"[A] dragnet clause is a mortgage provision which purports to make the real estate security for other, usually unspecified, debts which the mortgagor may already owe or may owe in the future to the mortgagee." Commerce Fed. Sav. Bank v. Fed. Deposit Ins. Corp., 872 F.2d 1240, 1242 n.2 (6th Cir. 1989) (quoting G. Osborne, G. Nelson, D. W hitman, Real Estate Finance Law § 12.8 at 772 (1st ed. 1979)).
No. 06-5012 JPMorgan Chase, Nat'l Assn. V. Fifth Third Bank, N.A. While the district court correctly notes that the deed of trust held by FNB unequivocally states that it "secures obligatory advances made for commercial purposes," a reading of the entire document leads us to conclude that it contemplates optional, not obligatory, advances. Obligatory advances are defined by statute as follows: "Obligatory advance" means an advance which the creditor is required to make by agreement with the borrower, whether or not a subsequent event beyond the control of the creditor may allow the creditor to cancel the obligation to make such advance. Advances shall be deemed obligatory, even though made pursuant to a credit agreement or mortgage containing some or all of the following provisions: (A) The right of the creditor to withhold advances on the occurrence of a default until the default is cured, if such default is curable under the terms of the agreement; (B) The inclusion of a stated or objectively ascertainable date on which the obligation to make further advances ends; (C) Requirements for procedures to be followed by the borrower to activate the obligation to make advances; (D) In the case of an open-end mortgage, the right of the creditor, on notice to the borrower, to reduce the credit limit, or to withhold advances, because of a decrease in the value of the collateral or an adverse change in the borrower's credit worthiness; and (E) In the case of an open-end mortgage, the right of the creditor, on notice to the borrower, to cancel the obligation to make further advances thereunder on grounds stated in the open-end credit agreement or mortgage . . . . Tenn. Code Ann. § 47-28-101(a)(6). "Optional advances" are defined simply as "any advance which is not obligatory." Tenn. Code Ann. § 47-28-101(a)(9). Because the balance owing on the March 2002 promissory note had been paid off at the time Chase recorded its deed of trust, the following statutory provision is of importance: -7-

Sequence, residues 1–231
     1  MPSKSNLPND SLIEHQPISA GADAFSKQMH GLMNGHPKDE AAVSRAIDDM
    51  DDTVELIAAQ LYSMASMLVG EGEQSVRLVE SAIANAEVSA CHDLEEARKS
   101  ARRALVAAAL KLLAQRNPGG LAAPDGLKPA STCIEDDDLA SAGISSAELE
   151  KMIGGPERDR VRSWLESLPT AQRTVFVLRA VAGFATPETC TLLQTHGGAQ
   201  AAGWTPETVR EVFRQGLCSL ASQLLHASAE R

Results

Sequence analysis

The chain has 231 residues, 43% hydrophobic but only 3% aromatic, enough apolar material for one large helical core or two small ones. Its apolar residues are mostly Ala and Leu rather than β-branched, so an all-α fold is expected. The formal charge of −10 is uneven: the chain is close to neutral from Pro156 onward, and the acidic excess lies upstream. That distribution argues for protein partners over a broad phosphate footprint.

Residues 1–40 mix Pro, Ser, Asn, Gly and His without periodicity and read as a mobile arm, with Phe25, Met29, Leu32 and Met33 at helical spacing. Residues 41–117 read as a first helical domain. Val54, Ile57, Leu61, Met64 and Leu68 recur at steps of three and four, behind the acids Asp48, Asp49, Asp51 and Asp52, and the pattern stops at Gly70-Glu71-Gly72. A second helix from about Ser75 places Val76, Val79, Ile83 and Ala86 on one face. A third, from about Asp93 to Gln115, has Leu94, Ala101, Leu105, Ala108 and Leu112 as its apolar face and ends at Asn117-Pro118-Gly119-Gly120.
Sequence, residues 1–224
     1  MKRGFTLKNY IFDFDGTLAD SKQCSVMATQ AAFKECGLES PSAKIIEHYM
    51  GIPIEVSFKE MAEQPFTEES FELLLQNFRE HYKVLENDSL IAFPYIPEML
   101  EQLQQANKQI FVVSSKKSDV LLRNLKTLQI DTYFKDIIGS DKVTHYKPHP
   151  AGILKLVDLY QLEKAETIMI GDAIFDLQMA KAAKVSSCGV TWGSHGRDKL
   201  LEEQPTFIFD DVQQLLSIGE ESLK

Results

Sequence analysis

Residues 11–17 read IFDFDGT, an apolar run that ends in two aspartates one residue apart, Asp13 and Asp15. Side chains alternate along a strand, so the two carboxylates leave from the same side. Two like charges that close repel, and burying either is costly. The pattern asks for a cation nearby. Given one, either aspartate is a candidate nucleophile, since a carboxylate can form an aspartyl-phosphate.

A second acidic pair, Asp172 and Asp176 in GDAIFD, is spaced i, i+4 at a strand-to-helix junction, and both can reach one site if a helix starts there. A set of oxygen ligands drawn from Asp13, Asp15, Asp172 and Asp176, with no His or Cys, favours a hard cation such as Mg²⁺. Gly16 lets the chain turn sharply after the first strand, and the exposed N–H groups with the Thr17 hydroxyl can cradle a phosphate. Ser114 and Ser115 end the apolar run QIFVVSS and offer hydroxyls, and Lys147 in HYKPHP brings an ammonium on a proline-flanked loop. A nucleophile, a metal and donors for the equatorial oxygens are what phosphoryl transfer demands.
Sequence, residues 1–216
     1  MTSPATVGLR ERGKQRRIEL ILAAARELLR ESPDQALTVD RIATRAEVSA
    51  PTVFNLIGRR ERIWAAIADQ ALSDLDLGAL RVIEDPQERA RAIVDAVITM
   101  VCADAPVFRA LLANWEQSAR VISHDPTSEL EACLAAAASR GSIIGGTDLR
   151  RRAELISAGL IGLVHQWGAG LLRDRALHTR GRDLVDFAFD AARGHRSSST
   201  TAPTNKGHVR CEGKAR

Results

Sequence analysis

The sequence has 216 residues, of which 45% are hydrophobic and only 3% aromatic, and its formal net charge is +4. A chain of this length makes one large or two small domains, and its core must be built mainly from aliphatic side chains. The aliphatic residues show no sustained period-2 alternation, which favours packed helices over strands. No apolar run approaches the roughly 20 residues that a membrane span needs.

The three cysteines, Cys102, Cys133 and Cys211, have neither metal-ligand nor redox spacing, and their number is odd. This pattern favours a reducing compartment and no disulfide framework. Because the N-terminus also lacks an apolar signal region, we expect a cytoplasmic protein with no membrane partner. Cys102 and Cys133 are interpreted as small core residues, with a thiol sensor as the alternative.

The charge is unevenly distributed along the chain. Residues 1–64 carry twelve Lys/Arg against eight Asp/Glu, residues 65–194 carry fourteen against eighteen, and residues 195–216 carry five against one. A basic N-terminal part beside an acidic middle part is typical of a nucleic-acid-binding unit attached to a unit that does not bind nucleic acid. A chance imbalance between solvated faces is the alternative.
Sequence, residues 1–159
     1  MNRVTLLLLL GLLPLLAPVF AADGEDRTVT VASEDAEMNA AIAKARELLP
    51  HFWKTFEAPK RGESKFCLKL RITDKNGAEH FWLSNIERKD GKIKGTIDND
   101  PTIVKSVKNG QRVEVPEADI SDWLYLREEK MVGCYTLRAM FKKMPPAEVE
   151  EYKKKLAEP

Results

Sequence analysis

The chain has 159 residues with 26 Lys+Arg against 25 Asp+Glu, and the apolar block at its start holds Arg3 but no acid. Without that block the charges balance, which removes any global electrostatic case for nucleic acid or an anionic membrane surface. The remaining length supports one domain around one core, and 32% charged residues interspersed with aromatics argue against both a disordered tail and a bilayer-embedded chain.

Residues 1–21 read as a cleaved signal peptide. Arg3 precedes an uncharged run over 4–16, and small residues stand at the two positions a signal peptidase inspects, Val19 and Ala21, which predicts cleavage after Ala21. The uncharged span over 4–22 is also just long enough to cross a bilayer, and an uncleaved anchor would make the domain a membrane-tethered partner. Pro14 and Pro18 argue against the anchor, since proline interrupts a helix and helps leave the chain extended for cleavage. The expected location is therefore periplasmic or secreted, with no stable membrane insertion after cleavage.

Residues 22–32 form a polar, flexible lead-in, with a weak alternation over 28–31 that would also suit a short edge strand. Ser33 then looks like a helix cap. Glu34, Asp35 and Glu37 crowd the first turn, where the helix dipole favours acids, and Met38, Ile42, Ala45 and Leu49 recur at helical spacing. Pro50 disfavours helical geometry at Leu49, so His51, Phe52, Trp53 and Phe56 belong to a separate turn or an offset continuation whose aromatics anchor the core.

No. 06-5012 JPMorgan Chase, Nat'l Assn. V. Fifth Third Bank, N.A. A mortgage may provide that it secures not only existing indebtednesses or advances made contemporaneously with the execution thereof, but also future advances, whether obligatory, or optional, or both, and whether made under open-end credit agreements or otherwise, to the same extent as if such future advances were made contemporaneously with the execution of the mortgage, even though no advance is made at the time of the execution of the mortgage and even though no indebtedness is outstanding at the time any advance is made. Tenn. Code Ann. § 47-28-102. Moreover, "advances relate back to the time of the recording of the mortgage [deed of trust], and are prior and superior to subsequent encumbrances and conveyances" if they are obligatory. Tenn. Code Ann. § 47-28-103(a). When advances are optional, however, a slightly different analysis determines priority: Optional advances made under any mortgage securing future advances, other than an open-end mortgage, are superior in priority to any intervening conveyance or encumbrance unless the mortgagee has actual notice of the intervening conveyance or encumbrance prior to exercising the mortgagee's option to make the advance. For the purpose of this subsection, "actual notice" means knowledge in fact from any source by any means. Tenn. Code Ann. § 47-28-103(c). With this statutory scheme in mind, we turn to the language contained in the March deed of trust and the related promissory note in order to determine whether the advances contemplated are obligatory or optional. We begin by observing that the mere fact that the deed of trust states that it "secures obligatory advances made for commercial purposes" does not necessarily end our inquiry if the underlying terms of the deed and note, which is incorporated by reference, are at odds with that characterization. The promissory note is styled a "Commercial Variable Rate Revolving or Draw Note," which is described as follows: